The only flaw is the dark, not-so-happy secret that they all share. In order to maintain this happiness, there must be one who suffers, specifically a child. The child is treated worse than an animal, and is often treated as if it were an act in a freak show. The people of the town know of the child and most have seen it, but the fear that their happiness will be taken from them prevents them from acknowledging that anything is wrong. There are a few individuals, however, who have acknowledged the inhumanity going on, and they are the ones who walk away from Omelas.
When reading Frankenstein by Mary Shelley, one cannot help but notice that the women characters seem to have little substance compared to the male characters. This may have been caused by the time period in which she wrote: one in which females were considered inferior to males. This difference between the sexes can be looked at using a variety of different perspectives. Johanna M. Smith, a professor at the University of Texas at Arlington, discusses this issue using feminist eyes in her essay entitled "'Cooped up': Feminine Domesticity in Frankenstein." The main points in Professor Smith's essay are that the female characters are there only to reflect the male characters, and that the Frankenstein family has a weird style of living, which she describes as a "bookkeeping mentality" (Smith 279).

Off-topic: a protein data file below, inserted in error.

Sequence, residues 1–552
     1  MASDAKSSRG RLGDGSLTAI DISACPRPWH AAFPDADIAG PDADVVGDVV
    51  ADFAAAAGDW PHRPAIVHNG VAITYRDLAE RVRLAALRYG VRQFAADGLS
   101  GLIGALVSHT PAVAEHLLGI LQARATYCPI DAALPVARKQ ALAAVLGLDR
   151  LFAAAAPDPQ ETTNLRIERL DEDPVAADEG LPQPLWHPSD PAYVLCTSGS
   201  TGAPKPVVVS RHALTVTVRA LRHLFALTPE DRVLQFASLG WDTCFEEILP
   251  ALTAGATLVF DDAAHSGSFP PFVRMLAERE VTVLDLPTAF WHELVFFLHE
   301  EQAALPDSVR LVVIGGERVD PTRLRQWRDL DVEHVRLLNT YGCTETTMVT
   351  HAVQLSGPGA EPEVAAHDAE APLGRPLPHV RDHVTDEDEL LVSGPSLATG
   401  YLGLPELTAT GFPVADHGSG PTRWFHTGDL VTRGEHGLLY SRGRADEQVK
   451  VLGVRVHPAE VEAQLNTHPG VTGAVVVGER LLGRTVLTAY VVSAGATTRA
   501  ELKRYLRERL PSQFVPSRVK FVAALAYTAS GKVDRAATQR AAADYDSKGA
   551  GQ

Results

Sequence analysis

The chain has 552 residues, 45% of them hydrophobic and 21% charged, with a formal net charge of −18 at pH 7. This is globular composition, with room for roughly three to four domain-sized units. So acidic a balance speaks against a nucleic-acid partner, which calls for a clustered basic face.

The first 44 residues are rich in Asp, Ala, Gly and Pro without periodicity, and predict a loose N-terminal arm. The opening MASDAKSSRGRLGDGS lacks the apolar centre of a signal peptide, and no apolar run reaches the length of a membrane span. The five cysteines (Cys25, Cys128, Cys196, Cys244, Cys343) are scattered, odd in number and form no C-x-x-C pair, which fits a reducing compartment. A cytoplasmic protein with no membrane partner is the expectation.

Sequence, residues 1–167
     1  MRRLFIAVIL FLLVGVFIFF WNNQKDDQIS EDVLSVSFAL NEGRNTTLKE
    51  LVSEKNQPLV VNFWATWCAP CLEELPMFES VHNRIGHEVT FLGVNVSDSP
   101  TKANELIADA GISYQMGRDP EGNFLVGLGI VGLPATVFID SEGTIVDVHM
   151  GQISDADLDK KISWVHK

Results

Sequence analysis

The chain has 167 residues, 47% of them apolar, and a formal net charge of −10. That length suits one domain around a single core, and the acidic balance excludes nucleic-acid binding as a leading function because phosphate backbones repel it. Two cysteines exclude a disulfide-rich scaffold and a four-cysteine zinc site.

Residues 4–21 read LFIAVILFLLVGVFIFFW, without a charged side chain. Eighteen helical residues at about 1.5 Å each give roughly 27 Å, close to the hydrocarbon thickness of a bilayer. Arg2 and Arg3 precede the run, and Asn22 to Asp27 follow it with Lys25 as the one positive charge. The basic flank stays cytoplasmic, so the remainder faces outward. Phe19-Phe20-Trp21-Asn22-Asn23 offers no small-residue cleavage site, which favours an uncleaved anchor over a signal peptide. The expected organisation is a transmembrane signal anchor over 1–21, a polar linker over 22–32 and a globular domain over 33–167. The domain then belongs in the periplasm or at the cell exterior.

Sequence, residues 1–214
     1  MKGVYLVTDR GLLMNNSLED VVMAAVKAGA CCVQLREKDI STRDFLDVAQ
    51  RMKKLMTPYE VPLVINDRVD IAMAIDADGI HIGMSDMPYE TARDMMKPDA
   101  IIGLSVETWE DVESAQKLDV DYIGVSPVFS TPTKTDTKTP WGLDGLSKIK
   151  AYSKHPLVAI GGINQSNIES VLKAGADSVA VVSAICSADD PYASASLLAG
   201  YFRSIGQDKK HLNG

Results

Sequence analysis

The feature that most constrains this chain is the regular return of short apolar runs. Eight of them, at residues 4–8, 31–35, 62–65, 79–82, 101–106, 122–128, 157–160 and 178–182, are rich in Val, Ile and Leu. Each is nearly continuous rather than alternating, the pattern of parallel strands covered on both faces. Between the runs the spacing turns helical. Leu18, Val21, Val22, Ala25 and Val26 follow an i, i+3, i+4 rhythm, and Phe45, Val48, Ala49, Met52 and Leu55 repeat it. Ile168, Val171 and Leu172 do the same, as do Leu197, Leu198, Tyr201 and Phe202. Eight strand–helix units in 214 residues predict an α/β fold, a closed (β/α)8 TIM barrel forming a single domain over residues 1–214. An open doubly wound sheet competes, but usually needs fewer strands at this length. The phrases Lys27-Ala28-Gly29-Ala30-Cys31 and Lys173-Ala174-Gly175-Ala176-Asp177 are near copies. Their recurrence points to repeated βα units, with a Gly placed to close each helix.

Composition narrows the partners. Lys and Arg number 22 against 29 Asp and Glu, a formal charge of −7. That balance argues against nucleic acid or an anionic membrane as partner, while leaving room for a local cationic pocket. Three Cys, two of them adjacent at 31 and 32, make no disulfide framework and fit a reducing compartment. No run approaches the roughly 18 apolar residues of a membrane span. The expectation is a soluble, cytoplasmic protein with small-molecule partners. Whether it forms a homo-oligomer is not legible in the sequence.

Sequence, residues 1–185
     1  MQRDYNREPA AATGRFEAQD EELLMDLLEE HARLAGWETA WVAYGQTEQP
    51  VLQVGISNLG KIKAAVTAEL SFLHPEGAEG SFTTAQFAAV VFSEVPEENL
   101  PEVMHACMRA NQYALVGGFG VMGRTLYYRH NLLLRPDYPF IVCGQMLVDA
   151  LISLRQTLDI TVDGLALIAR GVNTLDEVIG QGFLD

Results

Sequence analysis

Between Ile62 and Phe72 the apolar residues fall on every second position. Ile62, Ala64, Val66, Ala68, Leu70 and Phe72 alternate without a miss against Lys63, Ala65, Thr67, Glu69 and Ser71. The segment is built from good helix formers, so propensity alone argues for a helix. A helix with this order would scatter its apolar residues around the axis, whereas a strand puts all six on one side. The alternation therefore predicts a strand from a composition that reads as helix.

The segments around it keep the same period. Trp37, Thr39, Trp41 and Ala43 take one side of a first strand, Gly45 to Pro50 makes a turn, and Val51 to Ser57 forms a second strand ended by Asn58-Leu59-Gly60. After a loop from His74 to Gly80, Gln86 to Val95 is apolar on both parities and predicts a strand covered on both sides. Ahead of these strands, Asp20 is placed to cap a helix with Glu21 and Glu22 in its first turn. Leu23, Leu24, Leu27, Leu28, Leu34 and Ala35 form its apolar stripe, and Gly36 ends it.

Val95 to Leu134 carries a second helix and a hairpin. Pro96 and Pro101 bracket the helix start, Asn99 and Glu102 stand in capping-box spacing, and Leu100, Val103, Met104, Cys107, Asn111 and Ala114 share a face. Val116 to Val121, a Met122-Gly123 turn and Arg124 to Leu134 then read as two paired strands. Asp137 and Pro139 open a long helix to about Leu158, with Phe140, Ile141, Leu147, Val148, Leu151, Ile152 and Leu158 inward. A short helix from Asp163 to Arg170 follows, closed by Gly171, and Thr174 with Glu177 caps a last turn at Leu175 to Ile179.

H.G. Wells reveals the shortcomings of England’s ethos through the Time Traveller’s character. His selfishness, lack of morality, sexism and classism is displayed through his attitude toward Weena and his partisanship toward the Eloi. His desire to bring Weena back to his time is a reflection of a prevalent attitude in white culture that does not respect ones surroundings but sees them merely as a resource. The Time Traveller does not see Weena as a fellow living being, he sees her as research material.